Gonorrhea is the commonest cause of sexually transmitted infection (ST l). It is caused by the Gram-negative intracellular bacillus N. gonorrhoeae. It presents with a painful acute urethritis that causes a purulent discharge from the urethra (shown in Fig. Below).
Gonorrhea. A painful purulent urethral discharge.
This is more obvious in males than in females. In fact, infection may not be noticed by the female and acute salpingitis may develop: this condition may progress to chronic salpingitis and may cause infertility. Patients with gonorrhea may develop an acute arthritisof large joints (such as the knees), due to a systemic bacteremia, or the arthritis may result from an autoimmune reaction.
Babies delivered through a vagina infected with thegonococcus often get an acute ophthalmitis—gonococcal ophthalmitis (see Fig. below).
Neonatal gonococcal ophthalimitis.
Gram stain of the purulent exudate shows the Gram-negative diplococci of N. gonorrhoeae (see Fig. below).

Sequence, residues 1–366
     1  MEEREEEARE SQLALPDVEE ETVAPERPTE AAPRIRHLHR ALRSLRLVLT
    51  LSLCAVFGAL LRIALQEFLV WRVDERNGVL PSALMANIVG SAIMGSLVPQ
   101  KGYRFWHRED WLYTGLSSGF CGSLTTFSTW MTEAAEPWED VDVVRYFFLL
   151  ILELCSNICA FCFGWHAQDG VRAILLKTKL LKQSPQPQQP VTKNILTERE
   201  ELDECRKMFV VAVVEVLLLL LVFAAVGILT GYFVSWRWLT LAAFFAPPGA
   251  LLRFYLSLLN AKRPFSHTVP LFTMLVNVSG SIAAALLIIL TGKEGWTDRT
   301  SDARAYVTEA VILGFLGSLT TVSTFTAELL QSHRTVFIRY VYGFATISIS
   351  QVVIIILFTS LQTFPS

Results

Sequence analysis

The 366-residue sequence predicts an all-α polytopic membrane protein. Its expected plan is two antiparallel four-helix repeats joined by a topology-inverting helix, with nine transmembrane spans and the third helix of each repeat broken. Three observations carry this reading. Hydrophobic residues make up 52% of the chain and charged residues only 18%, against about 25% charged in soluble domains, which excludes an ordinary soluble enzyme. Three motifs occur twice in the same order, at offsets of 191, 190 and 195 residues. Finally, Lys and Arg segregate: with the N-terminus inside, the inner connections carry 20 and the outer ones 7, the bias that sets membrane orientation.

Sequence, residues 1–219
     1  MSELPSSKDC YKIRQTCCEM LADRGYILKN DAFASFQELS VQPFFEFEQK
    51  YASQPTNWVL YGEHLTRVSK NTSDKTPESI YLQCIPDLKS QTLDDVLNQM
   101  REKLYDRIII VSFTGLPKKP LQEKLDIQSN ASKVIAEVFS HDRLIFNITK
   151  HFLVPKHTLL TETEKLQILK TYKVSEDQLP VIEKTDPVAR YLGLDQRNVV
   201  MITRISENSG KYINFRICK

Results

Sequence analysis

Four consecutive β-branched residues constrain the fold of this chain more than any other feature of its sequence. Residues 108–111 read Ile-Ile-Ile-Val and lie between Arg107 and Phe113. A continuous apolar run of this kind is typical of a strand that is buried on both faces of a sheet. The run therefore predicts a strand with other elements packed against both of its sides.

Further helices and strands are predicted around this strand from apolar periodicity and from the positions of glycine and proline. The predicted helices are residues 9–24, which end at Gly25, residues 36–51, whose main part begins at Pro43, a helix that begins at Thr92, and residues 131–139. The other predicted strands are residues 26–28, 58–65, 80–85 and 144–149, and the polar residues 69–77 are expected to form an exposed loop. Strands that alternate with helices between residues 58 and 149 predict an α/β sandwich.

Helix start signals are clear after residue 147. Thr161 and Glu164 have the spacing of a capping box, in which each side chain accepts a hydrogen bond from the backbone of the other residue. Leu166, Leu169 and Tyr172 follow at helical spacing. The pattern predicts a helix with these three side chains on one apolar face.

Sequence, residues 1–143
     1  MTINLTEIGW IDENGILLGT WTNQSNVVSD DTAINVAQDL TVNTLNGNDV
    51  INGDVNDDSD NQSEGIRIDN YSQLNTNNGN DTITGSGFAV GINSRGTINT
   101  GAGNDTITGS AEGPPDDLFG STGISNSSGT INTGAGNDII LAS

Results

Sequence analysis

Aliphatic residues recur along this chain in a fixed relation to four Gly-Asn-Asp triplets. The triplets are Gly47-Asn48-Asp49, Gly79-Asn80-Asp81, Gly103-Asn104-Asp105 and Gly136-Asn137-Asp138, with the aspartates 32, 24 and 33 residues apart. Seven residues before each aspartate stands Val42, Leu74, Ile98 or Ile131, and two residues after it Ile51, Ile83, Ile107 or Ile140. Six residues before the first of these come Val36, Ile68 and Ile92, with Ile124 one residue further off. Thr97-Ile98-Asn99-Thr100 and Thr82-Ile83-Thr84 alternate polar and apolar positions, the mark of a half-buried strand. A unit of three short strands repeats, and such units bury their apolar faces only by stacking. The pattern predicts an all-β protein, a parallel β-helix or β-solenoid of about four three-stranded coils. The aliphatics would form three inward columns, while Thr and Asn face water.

Gram stain on the purulent exudate shows the Gram-negative intracellular diplococci of N. gonorrhoeae.
Cultureon chocolate agar confirms the presence of the organism, as illustrated in Figures ‘a’ and ‘b’.
(a). Chocolate agar culture plate showing the colonies of N. gonorrhoeae.
(b). Chocolate agar culture plate. A drop of oxidase solution has been dropped onto some of the N. gonorrhoeae colonies and the colonies have turned blue. Adjacent colonies have not been treated so as to provide a control appearance. This test is specific for N. gonorrhoeae.